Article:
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A pair of researchers, one with the Hebrew University of Jerusalem, the other Tel Aviv University, has found evidence that suggests two of Teegarden's star planets are the most Earth-like found yet. In their paper published in The Astrophysical Journal Letters, Amri Wandel and Lev Tal-Or describe their study of the two exoplanets and what they found.
Back in 2003, astrophysicist Bonnard Teegarden led a team that discovered what is now known as Teegarden's star—a red M dwarf star approximately 12.5 light-years away. Since that time, space scientists have studied both the star and the planets that make up its star system. In this new effort, the researchers focused their efforts on two of those exoplanets, which are called Teegarden's star b and c—both were first detected this past June by a team working on the CARMENES survey.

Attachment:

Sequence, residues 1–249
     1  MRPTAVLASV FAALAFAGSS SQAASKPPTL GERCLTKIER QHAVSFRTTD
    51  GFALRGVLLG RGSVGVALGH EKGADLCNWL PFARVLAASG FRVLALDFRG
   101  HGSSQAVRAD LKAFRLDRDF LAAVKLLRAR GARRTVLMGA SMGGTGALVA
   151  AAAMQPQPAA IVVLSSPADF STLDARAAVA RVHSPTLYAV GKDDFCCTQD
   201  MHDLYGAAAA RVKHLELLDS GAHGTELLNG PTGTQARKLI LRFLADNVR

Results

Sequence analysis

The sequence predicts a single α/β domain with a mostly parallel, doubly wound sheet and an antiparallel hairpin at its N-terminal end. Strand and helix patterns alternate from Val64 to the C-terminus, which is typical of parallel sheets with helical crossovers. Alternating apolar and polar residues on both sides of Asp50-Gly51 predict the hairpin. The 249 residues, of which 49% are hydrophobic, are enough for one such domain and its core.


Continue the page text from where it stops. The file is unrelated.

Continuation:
Work - Wandel - Tal-Or - Habitability - Exoplanets
The work by Wandel and Tal-Or was focused on learning more about the habitability of the two exoplanets. As part of that effort, they noted that both are relatively close to their star, with orbits of just 4.9 and 11.4 days, putting them both firmly in the Goldilocks zone. They...
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